Flashcards in Lecture 2: the Spinal and Autonomic Nerves (part 1 of 2) Deck (45):
a disease in the brain
a disease in the spinal cord
define peripheral neuropathy
a disease in the peripheral nerves
the presence of what 4 conditions differentiates peripheral neuropathy from CNS encephalopathy and myelopathy?
1. hyporeflexia, hypotonia (less muscle tone)
2. "denervation" atrophy
3. unilateral motor and/or sensory deficits
4. normal function cranial and caudal to nerve lesion site
are cenral lesions usually unilateral or bilateral?
what are the 4 main branches of spinal nerves?
1. dorsal branch
2. ventral branch
3. communicating branch
4. meningeal branch
what are the 4 anatomical parts to the typical spinal nerve?
2. main trunk
3. the four primary branches
4. peripheral branches of these primary branches
where are roots of spinal nerves located?
within the vertebral canal
roots of spinal nerves are functionally associated with what?
functionally associated with the spinal cord even though they belong to the peripheral nervous system.
are dorsal roots and spinal (dorsal root) ganglia afferent or efferent in function?
afferent ie sensory
Are ventral roots afferent or efferent in function?
efferent ie motor
describe an identifying characteristic of the main trunk of typical spinal nerves and their location in most cases
it is typically very short and located in the intervertebral foramen
what is the spinal nerve formula for the horse?
C8 T18 L6 S5 Cd7
where does the first cervical nerve emerge from?
it emerges from the lateral vertebral foramen located in the atlas
where does the second cervical nerve emerge from?
it exits from the lateral vertebral foramen of the second cervical vertebrae (axis)
where does the eight cervical nerve run through?
the intervertebral foramen between the seventh cervical and first thoracic vertebrae
how many cervical nerves and cervical vertebrae are there in the horse?
8 cervical nerves but only 7 cervical vertebrae
what does the dorsal primary branch supply?
dorsal axial (epaxial) muscles and skin over the dorsal and dorsolateral body areas
what does the ventral primary branch supply?
supplies ventral axial (hypaxial) muscles, muscles of ventral and ventrolateral regions like the thoracic and pelvic limbs and skin over these regions
what do ventral branches of the lower cervical and thoraci region (C6 - T1 or T2) form?
the brachial plexus
what do ventral branches of L4 - S4 form? what does it supply?
the lumbosacral plexus which supplies the pelvic limb and the perineal region
what does the meningeal branch supply?
it supplies the coverings of the spinal cord (meninges), blood vessels in the vertebral canal, and the intervertebral discs. these are implicated in back pain
what is an identifiable physical characteristic of the meningeal branch?
its is very small - difficult to see grossly
where does the communicating branch (ramus communicans) run?
it runs from the main trunk of a spinal nerve to the sympathetic trunk and chain ganglia
what is the communicating branch associated with functionally?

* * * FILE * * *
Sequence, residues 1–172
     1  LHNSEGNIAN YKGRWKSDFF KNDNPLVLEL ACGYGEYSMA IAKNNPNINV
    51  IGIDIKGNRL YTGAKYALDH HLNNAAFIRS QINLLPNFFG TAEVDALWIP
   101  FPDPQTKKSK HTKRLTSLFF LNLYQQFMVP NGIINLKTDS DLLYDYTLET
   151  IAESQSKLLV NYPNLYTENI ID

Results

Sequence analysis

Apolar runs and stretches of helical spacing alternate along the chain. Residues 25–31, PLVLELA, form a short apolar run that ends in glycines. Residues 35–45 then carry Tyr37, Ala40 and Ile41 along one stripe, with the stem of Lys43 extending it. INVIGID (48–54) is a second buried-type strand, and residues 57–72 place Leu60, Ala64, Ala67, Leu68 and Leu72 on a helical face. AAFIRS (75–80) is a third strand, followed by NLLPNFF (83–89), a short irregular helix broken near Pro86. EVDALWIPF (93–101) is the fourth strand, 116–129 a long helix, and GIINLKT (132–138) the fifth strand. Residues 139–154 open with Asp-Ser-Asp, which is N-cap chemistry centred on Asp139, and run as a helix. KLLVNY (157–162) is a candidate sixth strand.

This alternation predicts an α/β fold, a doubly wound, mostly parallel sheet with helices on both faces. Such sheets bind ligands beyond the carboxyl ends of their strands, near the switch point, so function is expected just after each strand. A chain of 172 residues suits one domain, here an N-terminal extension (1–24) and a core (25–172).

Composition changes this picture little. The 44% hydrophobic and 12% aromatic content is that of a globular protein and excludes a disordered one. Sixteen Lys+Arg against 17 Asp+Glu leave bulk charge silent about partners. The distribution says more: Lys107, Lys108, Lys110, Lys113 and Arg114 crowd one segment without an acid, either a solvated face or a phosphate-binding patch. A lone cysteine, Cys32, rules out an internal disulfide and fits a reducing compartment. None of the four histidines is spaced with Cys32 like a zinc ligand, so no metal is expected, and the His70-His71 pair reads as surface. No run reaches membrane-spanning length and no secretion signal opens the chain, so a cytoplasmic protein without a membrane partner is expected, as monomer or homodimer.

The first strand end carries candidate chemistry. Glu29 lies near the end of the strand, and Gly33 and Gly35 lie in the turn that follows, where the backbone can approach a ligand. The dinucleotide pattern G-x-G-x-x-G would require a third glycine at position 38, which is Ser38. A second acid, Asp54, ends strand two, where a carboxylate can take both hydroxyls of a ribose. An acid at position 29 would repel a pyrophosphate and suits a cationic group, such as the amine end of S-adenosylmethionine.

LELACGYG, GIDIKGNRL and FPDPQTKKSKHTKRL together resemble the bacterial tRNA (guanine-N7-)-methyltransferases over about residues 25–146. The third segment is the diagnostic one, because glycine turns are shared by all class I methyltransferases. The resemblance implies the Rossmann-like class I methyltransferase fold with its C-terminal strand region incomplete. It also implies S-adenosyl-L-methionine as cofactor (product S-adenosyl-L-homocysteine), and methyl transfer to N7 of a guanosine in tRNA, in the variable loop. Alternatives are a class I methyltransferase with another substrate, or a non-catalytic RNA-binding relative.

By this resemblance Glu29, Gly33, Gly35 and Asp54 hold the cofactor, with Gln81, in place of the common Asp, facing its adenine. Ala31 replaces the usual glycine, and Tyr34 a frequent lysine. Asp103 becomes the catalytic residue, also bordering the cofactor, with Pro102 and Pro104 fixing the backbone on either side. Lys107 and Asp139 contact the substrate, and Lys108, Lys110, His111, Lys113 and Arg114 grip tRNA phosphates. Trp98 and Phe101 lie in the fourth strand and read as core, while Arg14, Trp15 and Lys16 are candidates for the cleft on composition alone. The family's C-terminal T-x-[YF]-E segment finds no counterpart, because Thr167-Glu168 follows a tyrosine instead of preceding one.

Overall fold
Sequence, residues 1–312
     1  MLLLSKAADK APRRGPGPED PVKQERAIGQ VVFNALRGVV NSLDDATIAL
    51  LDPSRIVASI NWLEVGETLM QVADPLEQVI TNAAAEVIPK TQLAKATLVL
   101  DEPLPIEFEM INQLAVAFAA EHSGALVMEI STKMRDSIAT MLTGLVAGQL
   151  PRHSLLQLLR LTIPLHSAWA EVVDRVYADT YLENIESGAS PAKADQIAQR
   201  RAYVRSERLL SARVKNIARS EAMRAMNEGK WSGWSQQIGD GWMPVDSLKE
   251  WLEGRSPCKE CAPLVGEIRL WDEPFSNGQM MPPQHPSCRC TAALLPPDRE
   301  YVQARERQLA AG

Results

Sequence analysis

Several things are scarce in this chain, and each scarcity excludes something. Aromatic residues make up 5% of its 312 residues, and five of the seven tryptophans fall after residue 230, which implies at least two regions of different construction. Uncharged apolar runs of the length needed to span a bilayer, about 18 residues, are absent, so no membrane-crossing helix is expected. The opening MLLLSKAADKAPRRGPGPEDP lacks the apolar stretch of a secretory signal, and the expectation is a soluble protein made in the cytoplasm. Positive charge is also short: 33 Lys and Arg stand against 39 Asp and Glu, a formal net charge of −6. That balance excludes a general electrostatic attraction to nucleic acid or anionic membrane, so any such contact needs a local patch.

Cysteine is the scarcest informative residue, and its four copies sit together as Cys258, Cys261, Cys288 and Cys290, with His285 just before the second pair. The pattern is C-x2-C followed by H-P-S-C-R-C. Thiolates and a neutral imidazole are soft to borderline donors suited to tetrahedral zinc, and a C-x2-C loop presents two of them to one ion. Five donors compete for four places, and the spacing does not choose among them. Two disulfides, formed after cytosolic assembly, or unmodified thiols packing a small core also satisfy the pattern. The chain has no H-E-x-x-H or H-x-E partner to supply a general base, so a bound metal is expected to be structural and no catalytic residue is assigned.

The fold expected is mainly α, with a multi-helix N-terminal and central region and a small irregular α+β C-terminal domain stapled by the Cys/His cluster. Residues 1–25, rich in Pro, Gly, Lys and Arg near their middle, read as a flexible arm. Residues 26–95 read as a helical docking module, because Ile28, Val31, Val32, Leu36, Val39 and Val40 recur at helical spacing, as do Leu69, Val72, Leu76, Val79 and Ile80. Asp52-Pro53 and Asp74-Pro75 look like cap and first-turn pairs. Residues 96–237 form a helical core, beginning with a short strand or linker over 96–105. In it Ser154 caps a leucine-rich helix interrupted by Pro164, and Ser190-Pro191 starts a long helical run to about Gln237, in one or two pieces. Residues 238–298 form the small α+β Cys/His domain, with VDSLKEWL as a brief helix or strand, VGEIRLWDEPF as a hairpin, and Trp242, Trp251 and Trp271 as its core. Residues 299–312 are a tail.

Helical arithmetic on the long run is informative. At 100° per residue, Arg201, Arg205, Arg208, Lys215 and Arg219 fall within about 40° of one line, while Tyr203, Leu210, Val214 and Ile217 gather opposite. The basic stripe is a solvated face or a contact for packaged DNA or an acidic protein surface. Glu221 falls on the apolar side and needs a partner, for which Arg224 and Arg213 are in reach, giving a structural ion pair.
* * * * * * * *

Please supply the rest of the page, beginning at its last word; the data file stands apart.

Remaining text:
what is a somatic structure?
it is associated with the body wall (skin, subcuntaneous tissue, skeletal muscle, joints, tendons, etc)
what is a visceral structure?
associated with internal organs, smooth muscle, cardiac muscle and glands.
what is a cutaneous nerve?
peripheral nerves that go to the skin only
what are cutaneous nerves sometimes called? it can be misleading...
they are sometimes called sensory but this is a misleading name because they innervate the smooth muscle around blood vessels; thus contain visceral efferent nerve fibers
what are muscle nerves?
they are peripheral nerves that go to muscle only
what are muscle nerves also commonly called? why is it misleading?
muscle nerves are also commonly called motor nerves.
this is misleading because many nerve fibers in muscle are muscle afferents (sensory) from muscle proprioceptors
what are most large nerves? cutaneous or muscle nerves?
most are actually mixed nerves because they go to both skin and muscle.
is the femoral nerve a cutaneous nerve, muscle nerve or mixed nerve?
mixed because it branches peripherally into both cutaneous and muscle nerves
what are the functional components of cutaneous nerves (there are 3)
where do the somatic afferents for cutaneous nerves come from?
from receptors in skin and subcutaneous tissue
where do the visceral afferents for cutaneous nerves come from?
from receptors in blood vessels
where do the visceral efferents for cutanoues nerves come from? what do these fibers supply?
postganglionic sympathetic fibers which have their cell bodies in chain ganglia. these fibers supply the smooth muscle of blood vessels to erector pilae muscles associated with hairs and sweat glands.
there are NO somatic Efferents because there is no striated muscle
define cutaneous area
the area of skin supplied by a given cutaneous nerve
what are the two zones within a cutaneous area?
overlap zones and autonomous zones
define overlap zone
an area supplied by more than one cutaneous nerve
define autonomous zone
an area supplied by only one cutaneous nerve
which region would experience anesthesia resulting from severe damage to one peripheral nerve and is thus the area of most diagnostic value in determining level of nerve damage in a patient?
the autonomous zone
what are the 4 functional components of muscle nerves?
1. somatic afferents (sensory)
2. visceral afferents (sensory)
3. visceral efferents (motor)
4. somatic efferents (motor)
the presence of which type of fiber distinguishes muscle nerves from cutaneous nerves?